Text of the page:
Healthy Debate Culture Is Essential for Radical Candor

This article is an excerpt from the Shortform book guide to "Radical Candor" by Kim Scott. Shortform has the world's best summaries and analyses of books you should be reading.

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What is a healthy debate culture? How can you ensure a lively and honest discussion without it devolving into an argument?

A culture of radical candor needs a healthy debate culture. Ideas can be discussed and improved, but people have to be able to debate issues without feelings getting hurt.

Read on for six methods to build a healthy debate culture.

The Importance of a Healthy Debate Culture

Debate is an essential step in getting good results. When ideas can be discussed and improved, it leads to better decision-making and easier persuasion of the people who are going to execute or be affected by the decision. Some bosses think it’s better to make decisions on behalf of their team—it’s quicker and avoids the friction that often comes with debate—but not allowing team members to debate and talk through decisions creates distrust and feelings of being “left out,” which will make it harder to persuade people to future decisions. 

As the boss, you don’t need to be in every debate. However, you do need to foster a healthy debate culture among your team. Healthy debate culture doesn’t imply debates where there’s no real friction or big ideas to wrestle with. It means that debate is structured in such a way that it makes sense, is respectful, and doesn’t take too much emotional energy out of your team. There are six ways that you can help create a healthy debate culture.

Six Methods to Support Productive Debates

Method #1: Make sure ego isn’t getting in the way of good ideas. Often, conversation around finding the best answer gets derailed by people’s egos and the need to be right or “win.” If you sense that people are starting to focus on winning instead of finding an answer, your job is to remind everyone of the goal, and redirect the conversation in a productive direction. There are several ways to save an ego-driven conversation.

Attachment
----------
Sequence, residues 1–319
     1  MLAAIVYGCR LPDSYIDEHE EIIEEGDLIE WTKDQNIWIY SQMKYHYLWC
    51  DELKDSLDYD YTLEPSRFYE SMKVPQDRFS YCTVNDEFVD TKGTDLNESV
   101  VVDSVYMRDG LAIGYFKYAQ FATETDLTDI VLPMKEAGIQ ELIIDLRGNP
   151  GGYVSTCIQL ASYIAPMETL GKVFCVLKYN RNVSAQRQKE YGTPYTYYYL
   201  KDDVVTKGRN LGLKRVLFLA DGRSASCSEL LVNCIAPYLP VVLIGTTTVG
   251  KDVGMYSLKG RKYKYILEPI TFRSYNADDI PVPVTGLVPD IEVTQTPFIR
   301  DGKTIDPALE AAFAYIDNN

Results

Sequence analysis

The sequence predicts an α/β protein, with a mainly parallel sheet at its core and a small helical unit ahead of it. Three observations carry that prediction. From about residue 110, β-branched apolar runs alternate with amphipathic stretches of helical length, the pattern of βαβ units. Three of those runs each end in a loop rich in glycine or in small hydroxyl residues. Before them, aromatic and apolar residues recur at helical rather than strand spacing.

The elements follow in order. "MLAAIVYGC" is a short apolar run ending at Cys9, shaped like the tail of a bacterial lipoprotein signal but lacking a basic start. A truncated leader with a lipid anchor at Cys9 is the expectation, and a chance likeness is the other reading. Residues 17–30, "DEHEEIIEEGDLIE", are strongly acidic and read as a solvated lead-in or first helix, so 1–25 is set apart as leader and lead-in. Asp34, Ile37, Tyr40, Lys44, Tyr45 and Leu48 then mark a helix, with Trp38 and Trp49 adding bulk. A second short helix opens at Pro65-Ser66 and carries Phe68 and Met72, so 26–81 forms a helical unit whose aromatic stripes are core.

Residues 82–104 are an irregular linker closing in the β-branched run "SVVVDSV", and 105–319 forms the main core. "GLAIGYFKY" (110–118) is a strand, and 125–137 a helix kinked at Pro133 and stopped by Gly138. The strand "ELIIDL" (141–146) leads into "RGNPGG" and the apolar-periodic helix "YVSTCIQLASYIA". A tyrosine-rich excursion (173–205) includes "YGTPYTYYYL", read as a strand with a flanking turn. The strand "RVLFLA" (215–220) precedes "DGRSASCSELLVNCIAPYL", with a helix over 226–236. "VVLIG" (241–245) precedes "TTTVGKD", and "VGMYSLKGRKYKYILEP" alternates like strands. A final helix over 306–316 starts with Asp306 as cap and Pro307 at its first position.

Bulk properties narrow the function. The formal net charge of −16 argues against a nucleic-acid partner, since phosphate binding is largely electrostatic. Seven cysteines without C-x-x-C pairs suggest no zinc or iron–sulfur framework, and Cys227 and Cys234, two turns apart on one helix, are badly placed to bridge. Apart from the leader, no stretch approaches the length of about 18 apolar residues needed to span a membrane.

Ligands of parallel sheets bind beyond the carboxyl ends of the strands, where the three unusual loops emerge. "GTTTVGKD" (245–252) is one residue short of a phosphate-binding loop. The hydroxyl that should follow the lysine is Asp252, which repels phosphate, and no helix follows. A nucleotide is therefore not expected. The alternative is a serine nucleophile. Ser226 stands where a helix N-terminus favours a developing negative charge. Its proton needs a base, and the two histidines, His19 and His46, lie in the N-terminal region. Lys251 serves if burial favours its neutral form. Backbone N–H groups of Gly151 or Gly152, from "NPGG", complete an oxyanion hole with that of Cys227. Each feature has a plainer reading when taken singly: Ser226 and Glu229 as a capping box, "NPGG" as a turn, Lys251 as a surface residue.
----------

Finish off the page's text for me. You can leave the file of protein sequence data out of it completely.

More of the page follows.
First, set up clear rules before debates, such as no interruptions, or no giving criticism without adding an idea. Then, be quick to stop anyone who claims an idea as “theirs” instead of involving the whole team, or uses the opinions of absent people to bolster their opinion—such as in saying, “We don’t think that’s the right direction for this project.” Finally, have team members switch their position on an issue halfway through the debate—knowing that they’ll have to argue against themselves makes people put aside their egos and listen more.

Method #2: Establish the expectation of disagreement. A healthy debate doesn’t happen when everyone around the table is in agreement—make it clear that you expect someone to consider the issue from a different perspective. If simply asking your team to disagree won’t work, you can use a prop to represent the expectation of disagreement. When there isn’t enough debate happening, hand over the prop (and the duty to disagree) to a team member.